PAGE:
I had a wonderful weekend at the Auckland Writers and Readers Festival. My plane was delayed on Friday night so I missed the annual party held by my publishers (bit sad about that one), and missed most of Richard Dawkins, but arrived just in time to see him present the Royal Society prize for science writing to my talented and beautiful sister-in-law, Rebecca Priestley, for The Awa Book of New Zealand Science. Very pleased and proud I was. It was odd seeing it being presented by a huge man on a screen (Dawkins via satellite).
The rest of the weekend was an intense round of sessions, five or more per day I think, and catching up with all manner of friends, family and colleagues in the gaps between. I won't go into it too much - others have written about it better and more thoroughly than I have (here, here, here and here), but I will say that the highlights for me were Chimamanda Ngozi Adiche and Monica Ali, both warm and engaging and thought-provoking with beautiful readings that left me wanting more (I confess I often nod off at readings and prefer to hear writers talk, but these two were an exception). The success of these sessions was in no small part due to the excellent chairing by Paula Morris, whose energy and intellectual capacity always astounds me. Chairing can be exhausting and challenging, and far harder than it looks, with hours and hours of preparation time (and that doesn't even include all the books you have to read), so I take my hat off to her for chairing three sessions with important writes and doing a wonderful job, as well as appearing as a writer in two sessions. And she even finds time to write books. To digress for a moment, I probably shouldn't point this out but I'm going to: Paula and I wrote our first books together in 2001 during the MA in Creative Writing at the IIML, and since then she has had three novels and one collection of short stories published, with a YA novel due out in August. I am hoping to have my second novel published at the end of the year. I'll leave you to draw your own conclusions.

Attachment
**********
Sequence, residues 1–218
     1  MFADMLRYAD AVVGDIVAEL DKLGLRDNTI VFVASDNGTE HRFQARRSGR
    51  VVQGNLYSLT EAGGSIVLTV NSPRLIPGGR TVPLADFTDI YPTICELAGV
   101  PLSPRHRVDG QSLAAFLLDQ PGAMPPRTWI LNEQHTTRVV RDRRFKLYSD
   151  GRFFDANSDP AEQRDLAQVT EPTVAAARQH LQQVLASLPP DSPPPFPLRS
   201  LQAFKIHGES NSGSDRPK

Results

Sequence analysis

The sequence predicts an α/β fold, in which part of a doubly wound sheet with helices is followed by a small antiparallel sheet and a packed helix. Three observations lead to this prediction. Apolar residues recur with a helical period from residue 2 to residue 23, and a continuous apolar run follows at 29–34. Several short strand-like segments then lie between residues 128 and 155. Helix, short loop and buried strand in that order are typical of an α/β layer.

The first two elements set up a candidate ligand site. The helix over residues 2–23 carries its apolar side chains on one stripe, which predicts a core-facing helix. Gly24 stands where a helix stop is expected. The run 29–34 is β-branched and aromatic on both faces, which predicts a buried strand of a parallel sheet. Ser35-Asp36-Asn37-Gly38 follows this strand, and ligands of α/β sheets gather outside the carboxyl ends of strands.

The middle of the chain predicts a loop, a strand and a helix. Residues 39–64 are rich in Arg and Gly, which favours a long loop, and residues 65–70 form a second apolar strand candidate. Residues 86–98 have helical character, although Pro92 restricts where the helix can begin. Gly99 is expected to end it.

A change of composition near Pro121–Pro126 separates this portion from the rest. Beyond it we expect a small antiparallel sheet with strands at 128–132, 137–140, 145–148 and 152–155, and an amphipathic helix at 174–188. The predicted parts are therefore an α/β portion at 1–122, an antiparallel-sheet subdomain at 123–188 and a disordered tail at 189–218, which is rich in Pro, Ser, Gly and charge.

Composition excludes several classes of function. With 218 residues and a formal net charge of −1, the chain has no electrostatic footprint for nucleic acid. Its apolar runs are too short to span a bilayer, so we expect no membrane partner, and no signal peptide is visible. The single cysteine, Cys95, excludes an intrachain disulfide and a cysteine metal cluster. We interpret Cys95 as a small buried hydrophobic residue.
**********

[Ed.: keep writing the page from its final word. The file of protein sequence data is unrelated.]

Another session I enjoyed was the 'Emerging Stars' (no pressure!) with Eleanor Catton, Bridget van der Zijpp and Anna Taylor. It was a great idea on the behalf of the organisers to make this a free session, as it introduced new writers to people who might not otherwise have taken a gamble with their money. Sessions with new writers always attract aspiring writers, so there was the inevitable questions from the audience of "Did you get an agent first or did you just send it into your publisher?" and "Did you sign your international rights over to your publisher?". It always amuses me how aspiring writers (and I still count myself among that group) always want to know things like this, rather than questiosn about how to write well (this has been my experience speaking to first year creative writing students as well). People, it doesn't matter how many agents and editors you sumbit your work to, you've got to put in the hard yards and learn how to write as well as you can first. That should be your priority. And try and enjoy the process of improving your writing for the sake of it.
Now I'm back home and trying to write as much as I can. I have about 10,000 words to go for a complete draft of the new novel and have possibly settled on a title. Because of the way I work, although it will be a complete draft, it won't be a first draft as such. I tend to work things out as I go along, and the first half of the book is pretty polished as I wrote and rewrote until I got the voice right. Once the voice comes, it can seemingly just write itself. This novel has a contemporary story and an historical story. Unlike with The Sound of Butterflies, which I wrote from start to finish in the way it is read (alternating between two different time periods), I have completed the historical section and am now tackling the end (and the middle and all the bits in between) of the (much more complex) contemporary section. To get myself in the right frame of mind, I started at the beginning, picking up the printouts I have been carrying around with me for nine months of what I have written so far and went through and incorporated all the notes that I have scribbled over those pages during the that time. I can't tell you how satisfying I found it to get to the end of one chapter and reprint it, all clean and beautiful, knowing it was as good as I can get it at this point. I have five more of these to go, and then it's the home stretch, pulling all those loose threads together and writing those final chapters. I am on track, so far, and have scheduled panic and anxiety for six weeks time. Before that, it is not allowed.